The origins of the Technical Development Plan date as far back as 1998, when Brian Kerr was appointed by the FAI as Technical Director. At the request of the Association, a major remit for the Technical Director was the formulation of a national plan for the development of soccer, with particular emphasis on the underage game. Prior to completing his term as Technical Director, Brian Kerr made considerable progress and brought the plan to a significant stage of development. This work has now been taken on to completion by the new Technical Director, Packie Bonner. The development of the plan has taken place under the guidance of a Technical Development Plan Working Group. This Committee initially consisted of Brian Kerr, Packie Bonner, Richard Fahy, Noel O’Reilly, Brian McCarthy, Sean McCaffrey,Trevor Lovell, Michael Tattersall and Jimmy McDermott. Dr Pat Duffy, Director of the National Coaching and Training Centre, acted as Chairman of the group and from the outset outlined the need for a core set of principles which would guide the development group in the completion of the plan.
These core principles included;
Consultation The need to consult with all stakeholders in order to ensure that all views are considered and where possible represented in the plan
A people-centred focus The need to concentrate on meeting the needs of all people involved in the game but maintain an ultimate focus on the development of better players.This people centred focus will be based on a fair and ethical approach at all levels of the game; a friendly and cooperative approach from FAI staff; building confidence; willingness to share ideas; hard work; humility and listening
Participation Reinforcement of the principal objective of the FAI, which is to maximise the number of people involved in the game of football in the Republic of Ireland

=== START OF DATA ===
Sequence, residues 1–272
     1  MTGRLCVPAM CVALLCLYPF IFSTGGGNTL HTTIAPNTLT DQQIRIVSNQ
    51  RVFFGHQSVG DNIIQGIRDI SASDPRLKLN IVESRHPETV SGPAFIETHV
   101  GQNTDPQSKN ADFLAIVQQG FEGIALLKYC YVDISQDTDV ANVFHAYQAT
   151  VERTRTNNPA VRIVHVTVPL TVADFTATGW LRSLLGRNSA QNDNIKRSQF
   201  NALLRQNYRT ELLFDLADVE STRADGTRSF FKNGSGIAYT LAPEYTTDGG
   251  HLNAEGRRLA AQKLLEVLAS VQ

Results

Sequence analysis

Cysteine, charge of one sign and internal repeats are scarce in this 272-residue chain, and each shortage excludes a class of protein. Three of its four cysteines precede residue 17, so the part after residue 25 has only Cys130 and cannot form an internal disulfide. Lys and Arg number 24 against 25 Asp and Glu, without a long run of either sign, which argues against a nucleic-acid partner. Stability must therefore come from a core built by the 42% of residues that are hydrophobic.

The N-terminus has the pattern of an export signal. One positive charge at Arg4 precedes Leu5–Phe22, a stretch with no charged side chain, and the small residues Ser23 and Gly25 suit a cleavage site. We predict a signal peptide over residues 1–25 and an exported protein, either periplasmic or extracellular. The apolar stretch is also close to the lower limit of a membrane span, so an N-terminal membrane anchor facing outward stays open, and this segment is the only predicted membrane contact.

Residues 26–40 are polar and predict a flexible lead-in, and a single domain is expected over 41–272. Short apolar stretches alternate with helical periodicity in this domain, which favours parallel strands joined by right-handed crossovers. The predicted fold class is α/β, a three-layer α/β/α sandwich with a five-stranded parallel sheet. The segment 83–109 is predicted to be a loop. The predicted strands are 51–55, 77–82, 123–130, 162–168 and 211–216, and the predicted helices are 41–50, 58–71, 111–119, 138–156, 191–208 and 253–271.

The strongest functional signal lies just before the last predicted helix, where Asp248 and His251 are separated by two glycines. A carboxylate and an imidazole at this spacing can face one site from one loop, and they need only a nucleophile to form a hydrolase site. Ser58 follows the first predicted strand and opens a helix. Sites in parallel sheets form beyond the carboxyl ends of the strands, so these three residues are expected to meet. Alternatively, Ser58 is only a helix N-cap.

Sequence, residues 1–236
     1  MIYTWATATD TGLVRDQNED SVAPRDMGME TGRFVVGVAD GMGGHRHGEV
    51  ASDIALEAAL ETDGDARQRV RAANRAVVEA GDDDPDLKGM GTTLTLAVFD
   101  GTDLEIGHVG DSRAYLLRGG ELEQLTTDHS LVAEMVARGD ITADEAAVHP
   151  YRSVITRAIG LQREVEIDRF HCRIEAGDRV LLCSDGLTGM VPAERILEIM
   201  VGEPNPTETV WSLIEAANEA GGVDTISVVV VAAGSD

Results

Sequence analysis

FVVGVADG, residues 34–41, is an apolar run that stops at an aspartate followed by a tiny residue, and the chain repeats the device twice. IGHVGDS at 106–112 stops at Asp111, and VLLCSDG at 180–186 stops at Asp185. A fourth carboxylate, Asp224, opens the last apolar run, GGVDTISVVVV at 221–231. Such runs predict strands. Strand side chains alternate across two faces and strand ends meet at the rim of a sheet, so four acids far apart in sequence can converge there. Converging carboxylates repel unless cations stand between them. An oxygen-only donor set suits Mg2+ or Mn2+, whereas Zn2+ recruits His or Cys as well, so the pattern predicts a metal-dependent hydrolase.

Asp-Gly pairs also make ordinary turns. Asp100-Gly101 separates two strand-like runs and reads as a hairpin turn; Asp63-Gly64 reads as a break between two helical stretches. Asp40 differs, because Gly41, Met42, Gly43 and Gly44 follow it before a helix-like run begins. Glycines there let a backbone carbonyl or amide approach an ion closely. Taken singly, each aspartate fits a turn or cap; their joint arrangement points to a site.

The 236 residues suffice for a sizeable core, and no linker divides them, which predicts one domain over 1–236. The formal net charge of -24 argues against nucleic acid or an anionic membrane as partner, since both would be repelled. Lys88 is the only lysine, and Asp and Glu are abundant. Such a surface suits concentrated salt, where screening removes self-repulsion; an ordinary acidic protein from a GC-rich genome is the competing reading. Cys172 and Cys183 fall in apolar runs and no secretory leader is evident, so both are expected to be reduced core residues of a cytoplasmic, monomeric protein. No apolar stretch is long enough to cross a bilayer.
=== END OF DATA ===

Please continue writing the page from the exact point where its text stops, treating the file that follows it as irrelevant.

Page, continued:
Excellence The need to support Irish players and teams in reaching their full potential in national and international competition with the support of quality coaching and technical support
Quality A desire to improve and develop the game at all levels
Customer service A desire to improve upon the provision of services and to pass on knowledge and experience which meet the needs of people involved in the game at local, regional and national levels
Social responsibility Realisation of the FAI’s responsibility to provide an alternative lifestyle for young people in disadvantaged areas.
Recognition Recognition of the massive work carried out by volunteers and professionals within the game
Equality To ensure that underdeveloped areas of the game e.g. women, schools, players with disabilities will receive adequate support and services
Sustainability An essential element of development is recognition of the responsibility to sustain the development of the game for future generations
Accountability The achievement of optimum benefit from available resources
Partnership Recognition that the development of the game depends on a partnership approach from all sectors of the game and society
Later, in order to widen the range of views represented at the table the Planning Committee was extended to include Jack Carthy (SFAI), Brian Fitzmorris (SFAI), Niamh O’Donoghue (WFAI), Donal Conway (FAIS), Dennis Cruise (Junior Football), Ian Barclay (Intermediate Football), Brendan Dillon (Eircom League), Pat Kelly (FAI Referees Department), John Delaney (FAI Honorary Treasurer) Gerry McAnaney (Defence Forces),Terry McCauley (Irish Universities) and Des Casey, former FAI Honorary Secretary and UEFA representative. In order to ensure that the Plan addressed the needs of football at all levels, 14 Regional Consultation workshops were organised, with over 1,000 attendees.These workshops sought the views of football people, at grassroots level, on how the game should be developed for the new millennium. (Appendix 1 outlines the venues for the consultation meetings. Appendix 2 provides a list of attendees. The main outcomes/feedback from the workshops is provided in Appendix 3.) The Executive and Board of Management of the FAI were kept appraised of the progress of the Plan at the appropriate stages. Key Committees of the Association were consulted as well as experienced coaches and managers; former national and international level players; regional development officers and coach education personnel. External agencies such as the Irish Sports Council (ISC); the National Coaching and Training Centre (NCTC); educational interests and others were also consulted. A final draft was developed for consideration at a summit of administrators and coaches in January 2004. Following the summit, this draft was subjected to final approval by the FAI Council and Board of Management prior to its publication.